Earlier today we featured the smallest town in Build-Outs history on Sprudge: Cañon City, Colorado, home to The Bean Pedaler and a census population of only around 16,000. No one would ever mistake it for our next featured city, the humble Great Lakes metropolis of Rochester, New York, where we find Ryan Baker and Pour Coffee Parlor.
Pour is a small multi-roaster serving Verve Coffee and Intelligentsia Coffee Roasters. The store opened earlier in 2014; these pics are fair bit more “complete” than some of the other build-outs we’ve featured in 2014, but we couldn’t resist showing you the shop’s stunning art deco interior, distinctive mid-century front entry, and even a cheesecake pic or two of their waffle program and steamy Slayer Espresso 2-group.
Of any Build-Out in our 2014 Build-Outs Of Summer series, this one might be the prettiest. Welcome to Rochester.
As told to Sprudge by Ryan Baker.
Can you tell us a bit about your new space?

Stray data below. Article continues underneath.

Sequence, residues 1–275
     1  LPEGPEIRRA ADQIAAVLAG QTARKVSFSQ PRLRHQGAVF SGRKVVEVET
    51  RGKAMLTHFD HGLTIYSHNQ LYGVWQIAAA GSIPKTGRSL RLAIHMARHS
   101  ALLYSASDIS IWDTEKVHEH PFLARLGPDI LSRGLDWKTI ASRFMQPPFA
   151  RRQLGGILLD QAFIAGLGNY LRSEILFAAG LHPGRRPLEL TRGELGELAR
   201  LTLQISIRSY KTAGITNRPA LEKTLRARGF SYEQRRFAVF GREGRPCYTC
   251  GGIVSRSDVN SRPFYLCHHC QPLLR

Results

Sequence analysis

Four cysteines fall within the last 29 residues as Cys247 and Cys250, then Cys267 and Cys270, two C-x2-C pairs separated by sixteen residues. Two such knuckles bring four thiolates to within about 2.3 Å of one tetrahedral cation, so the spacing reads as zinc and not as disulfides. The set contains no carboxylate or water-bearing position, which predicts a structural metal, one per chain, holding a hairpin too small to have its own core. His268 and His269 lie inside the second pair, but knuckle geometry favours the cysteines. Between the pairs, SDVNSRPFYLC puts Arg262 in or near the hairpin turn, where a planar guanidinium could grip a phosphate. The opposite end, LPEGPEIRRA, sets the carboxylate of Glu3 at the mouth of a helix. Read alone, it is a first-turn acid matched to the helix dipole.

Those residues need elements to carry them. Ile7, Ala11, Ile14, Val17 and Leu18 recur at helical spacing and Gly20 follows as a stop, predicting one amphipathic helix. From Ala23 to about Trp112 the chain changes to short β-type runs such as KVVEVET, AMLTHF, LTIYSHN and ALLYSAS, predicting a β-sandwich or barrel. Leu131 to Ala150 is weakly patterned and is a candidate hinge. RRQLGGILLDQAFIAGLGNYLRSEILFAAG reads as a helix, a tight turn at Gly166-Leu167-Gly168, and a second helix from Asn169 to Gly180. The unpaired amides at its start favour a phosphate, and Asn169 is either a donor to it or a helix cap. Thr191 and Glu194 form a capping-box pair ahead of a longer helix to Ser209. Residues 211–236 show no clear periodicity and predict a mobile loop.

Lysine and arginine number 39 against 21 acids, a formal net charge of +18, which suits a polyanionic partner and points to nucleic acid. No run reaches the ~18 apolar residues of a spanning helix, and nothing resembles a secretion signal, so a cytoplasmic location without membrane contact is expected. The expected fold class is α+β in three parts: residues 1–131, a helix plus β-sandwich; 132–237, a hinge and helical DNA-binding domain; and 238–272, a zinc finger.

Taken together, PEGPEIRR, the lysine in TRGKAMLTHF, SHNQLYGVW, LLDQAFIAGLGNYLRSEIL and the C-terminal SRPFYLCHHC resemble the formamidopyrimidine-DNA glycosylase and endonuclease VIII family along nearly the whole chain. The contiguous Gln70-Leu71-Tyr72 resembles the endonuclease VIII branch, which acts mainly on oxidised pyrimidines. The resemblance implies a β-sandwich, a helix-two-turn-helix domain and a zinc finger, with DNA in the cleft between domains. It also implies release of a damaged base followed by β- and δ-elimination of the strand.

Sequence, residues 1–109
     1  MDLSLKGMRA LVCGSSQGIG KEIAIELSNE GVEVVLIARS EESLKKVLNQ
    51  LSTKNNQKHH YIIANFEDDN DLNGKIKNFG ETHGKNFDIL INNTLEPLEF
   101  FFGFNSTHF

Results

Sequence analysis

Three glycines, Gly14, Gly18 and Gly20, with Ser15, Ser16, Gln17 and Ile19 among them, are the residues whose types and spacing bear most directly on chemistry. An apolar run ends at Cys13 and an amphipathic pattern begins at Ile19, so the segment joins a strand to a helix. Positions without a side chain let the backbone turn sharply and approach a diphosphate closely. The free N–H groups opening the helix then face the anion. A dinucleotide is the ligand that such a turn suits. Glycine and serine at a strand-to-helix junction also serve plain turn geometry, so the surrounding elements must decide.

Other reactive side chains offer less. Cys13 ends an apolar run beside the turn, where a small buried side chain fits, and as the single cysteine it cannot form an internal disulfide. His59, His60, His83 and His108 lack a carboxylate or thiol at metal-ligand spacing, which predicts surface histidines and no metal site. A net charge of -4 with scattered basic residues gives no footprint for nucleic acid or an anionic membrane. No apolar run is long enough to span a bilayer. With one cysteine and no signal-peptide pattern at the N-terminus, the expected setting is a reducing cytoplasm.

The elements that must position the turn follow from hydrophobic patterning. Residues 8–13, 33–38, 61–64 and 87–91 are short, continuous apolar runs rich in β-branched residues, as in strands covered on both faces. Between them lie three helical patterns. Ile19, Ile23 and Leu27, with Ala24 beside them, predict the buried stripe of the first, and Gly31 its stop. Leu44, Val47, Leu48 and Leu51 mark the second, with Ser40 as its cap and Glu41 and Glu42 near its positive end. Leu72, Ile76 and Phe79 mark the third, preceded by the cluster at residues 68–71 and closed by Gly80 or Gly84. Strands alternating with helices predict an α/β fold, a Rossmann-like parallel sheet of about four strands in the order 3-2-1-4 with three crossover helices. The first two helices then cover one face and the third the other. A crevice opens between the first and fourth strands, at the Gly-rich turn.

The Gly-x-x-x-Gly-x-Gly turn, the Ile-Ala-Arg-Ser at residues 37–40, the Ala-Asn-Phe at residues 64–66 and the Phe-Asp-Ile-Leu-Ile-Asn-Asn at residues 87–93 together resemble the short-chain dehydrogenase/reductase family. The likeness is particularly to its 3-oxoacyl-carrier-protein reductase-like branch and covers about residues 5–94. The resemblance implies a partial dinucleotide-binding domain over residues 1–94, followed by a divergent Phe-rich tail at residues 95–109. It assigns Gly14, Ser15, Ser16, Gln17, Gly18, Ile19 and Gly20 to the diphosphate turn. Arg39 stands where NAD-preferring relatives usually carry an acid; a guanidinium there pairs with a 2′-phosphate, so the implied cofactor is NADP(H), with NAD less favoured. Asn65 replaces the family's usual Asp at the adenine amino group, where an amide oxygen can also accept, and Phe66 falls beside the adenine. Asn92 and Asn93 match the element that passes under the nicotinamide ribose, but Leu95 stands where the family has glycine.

Located in Rochester NY, Pour Coffee Parlor is situated in the walkable “Park Ave neighborhood”. The building itself was built in 1952 as a garage and a machine shop and has a retro art deco design. We were originally drawn to the building because of the curved glass block wall, high ceilings and the the open layout.
What’s your approach to coffee?
Our approach to coffee goes hand in hand with why we chose our location. We are surrounded by high volume walk-up and bike traffic from restaurants and retail shops, that have little to no exposure to the specialty coffee world. We opened Pour to do what we love and to bring great coffee to the everyday consumer. We pour each cup by hand and choose the brew method depending on the coffees we serve.
We serve 6 local craft beers, waffles, breakfast sandwiches and the best milk and cheese from First Light Dairy Farm‘s Jersey cows.
Any machines, coffees, special equipment?
Are you working with craftspeople, architects, and/or creatives that you’d like to mention?
The owners did almost all of the design work and construction themselves. Whenever possible they partner with local bakeries, artists, and craftsmen (such as a local lumber mill for all the reclaimed barn wood tables and countertops.)